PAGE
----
Weird ingredient mystery

Last week, I mentioned that I was going to mention a weird gum ingredient: it's nicotine. Or is it?

The gum is called Black Black, produced by Lotte in Japan. The gum is popular because it contains caffeine. You can buy it at Japanese food stores. I bought mine in Arlington Heights, where more Japanese people live.

One day I was looking at the list of ingredients, and saw the word ニコチン (nikochin). I went to my sort-of-trusty Katakana dictionary, and saw that ニコチン was "nicotine." But after the word ニコチン, there was 酸アミド (san-amide) which means "acid amide." So I wondered if it was some sort of acidic version of nicotine, which kind of spooked me, because how many gums have you seen that have nicotine in them?

After some research, I discovered that the ingredient may look like some form of nicotine, but it's actually niacinamide. According to a British site:
"Nicotine can be oxidised to nicotinic acid (niacin) which is present in minute amounts in all living cells. The corresponding amide, niacinamide, is an essential B vitamin."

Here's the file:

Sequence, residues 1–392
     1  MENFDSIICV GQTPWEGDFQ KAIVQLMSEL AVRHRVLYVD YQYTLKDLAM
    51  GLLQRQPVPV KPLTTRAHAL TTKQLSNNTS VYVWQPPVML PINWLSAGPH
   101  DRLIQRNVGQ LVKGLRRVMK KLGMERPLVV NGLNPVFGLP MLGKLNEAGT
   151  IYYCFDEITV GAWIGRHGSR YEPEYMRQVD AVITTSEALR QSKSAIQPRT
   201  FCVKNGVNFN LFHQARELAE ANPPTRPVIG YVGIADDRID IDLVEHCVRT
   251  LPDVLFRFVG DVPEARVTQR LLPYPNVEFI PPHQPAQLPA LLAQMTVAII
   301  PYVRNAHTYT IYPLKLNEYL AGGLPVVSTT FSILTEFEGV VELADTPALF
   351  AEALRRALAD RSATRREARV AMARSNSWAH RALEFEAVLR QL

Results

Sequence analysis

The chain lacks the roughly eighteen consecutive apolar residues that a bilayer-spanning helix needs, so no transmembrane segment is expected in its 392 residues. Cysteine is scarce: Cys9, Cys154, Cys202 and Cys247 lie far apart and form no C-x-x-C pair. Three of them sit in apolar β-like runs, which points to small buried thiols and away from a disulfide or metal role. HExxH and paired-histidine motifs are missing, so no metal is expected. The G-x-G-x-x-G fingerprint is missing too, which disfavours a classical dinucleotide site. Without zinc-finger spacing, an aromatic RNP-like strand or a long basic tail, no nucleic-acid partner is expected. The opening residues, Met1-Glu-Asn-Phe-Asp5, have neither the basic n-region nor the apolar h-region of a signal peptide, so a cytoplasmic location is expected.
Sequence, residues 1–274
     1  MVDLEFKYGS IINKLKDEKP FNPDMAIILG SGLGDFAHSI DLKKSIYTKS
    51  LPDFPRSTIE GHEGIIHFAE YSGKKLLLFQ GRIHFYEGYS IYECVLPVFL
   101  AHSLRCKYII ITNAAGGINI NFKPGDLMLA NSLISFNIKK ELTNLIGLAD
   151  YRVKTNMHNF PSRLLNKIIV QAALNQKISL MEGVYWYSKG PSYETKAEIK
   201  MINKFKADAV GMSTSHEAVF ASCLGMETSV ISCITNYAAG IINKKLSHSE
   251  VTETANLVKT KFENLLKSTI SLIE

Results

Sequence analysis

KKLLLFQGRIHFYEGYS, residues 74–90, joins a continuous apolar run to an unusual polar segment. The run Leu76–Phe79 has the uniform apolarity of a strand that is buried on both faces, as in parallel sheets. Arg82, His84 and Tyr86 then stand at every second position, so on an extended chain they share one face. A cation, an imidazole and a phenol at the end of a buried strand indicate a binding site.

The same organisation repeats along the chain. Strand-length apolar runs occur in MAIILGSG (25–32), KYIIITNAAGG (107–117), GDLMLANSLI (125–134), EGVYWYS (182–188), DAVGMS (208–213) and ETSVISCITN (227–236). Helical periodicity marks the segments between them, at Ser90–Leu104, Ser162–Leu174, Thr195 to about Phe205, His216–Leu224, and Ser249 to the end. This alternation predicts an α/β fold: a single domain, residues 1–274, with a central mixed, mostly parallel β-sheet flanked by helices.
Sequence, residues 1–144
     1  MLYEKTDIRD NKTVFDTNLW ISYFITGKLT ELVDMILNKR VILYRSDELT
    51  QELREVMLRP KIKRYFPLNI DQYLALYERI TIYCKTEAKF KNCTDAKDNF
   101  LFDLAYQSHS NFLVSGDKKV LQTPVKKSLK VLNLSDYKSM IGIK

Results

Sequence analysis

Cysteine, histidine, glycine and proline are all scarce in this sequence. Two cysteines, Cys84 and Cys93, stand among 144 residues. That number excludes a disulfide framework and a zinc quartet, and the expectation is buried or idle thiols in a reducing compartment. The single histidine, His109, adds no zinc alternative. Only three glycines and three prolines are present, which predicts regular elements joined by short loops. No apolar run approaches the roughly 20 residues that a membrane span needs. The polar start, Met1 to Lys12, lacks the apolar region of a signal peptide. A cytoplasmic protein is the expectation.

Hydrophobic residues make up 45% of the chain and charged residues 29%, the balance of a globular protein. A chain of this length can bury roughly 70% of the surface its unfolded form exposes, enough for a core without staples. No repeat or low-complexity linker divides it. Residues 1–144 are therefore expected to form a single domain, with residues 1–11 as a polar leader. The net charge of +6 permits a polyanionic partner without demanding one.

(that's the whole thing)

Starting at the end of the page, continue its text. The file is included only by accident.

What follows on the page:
(Note the British spelling of "oxidized." That's cool.)

Here's some more information:

"Niacin is a member of the B-vitamin family. It is sometimes referred to as vitamin B3. Nicotinic acid was first discovered as an oxidation product of nicotine and thus, the origin of its name. In fact, much of the confusion caused by the use of the term niacin for both nicotinic acid and nicotinamide, as well as for nicotinic acid alone, was created by the attempt to dissociate nicotinic acid from its nicotine origins."

Strangely enough, you can't see the picture of the gum on the Lotte site, and there doesn't seem to be any explanation from the company about that ingredient. So it's up to the researchers and other online pundits to explain what this ingredient is. There are still people online who claim that it's nicotine. They could be right. As long as the company is silent about it, then conspiracy theories will abound.

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